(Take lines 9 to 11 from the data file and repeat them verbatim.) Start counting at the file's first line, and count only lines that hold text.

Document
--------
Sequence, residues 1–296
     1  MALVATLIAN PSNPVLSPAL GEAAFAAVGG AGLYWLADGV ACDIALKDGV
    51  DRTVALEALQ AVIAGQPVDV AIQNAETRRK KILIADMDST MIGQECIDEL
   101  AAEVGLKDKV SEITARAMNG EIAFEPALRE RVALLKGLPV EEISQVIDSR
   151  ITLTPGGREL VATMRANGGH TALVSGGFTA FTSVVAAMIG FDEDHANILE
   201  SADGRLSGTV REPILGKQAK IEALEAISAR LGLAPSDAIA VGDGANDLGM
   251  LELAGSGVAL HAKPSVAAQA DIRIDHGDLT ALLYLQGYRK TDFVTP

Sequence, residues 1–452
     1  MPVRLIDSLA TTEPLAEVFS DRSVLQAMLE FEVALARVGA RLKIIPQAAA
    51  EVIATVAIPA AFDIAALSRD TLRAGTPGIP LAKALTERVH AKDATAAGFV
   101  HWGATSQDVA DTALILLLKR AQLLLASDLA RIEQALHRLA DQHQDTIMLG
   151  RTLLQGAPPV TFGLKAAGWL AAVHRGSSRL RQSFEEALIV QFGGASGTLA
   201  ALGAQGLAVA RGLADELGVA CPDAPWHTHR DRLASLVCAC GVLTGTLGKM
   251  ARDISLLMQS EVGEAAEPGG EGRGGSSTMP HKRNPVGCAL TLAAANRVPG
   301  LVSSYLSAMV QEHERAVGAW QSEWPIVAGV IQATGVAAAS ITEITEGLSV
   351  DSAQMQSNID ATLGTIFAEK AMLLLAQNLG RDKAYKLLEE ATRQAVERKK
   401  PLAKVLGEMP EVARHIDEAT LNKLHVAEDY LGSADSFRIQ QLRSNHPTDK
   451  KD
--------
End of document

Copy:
     1  MPVRLIDSLA TTEPLAEVFS DRSVLQAMLE FEVALARVGA RLKIIPQAAA
    51  EVIATVAIPA AFDIAALSRD TLRAGTPGIP LAKALTERVH AKDATAAGFV
   101  HWGATSQDVA DTALILLLKR AQLLLASDLA RIEQALHRLA DQHQDTIMLG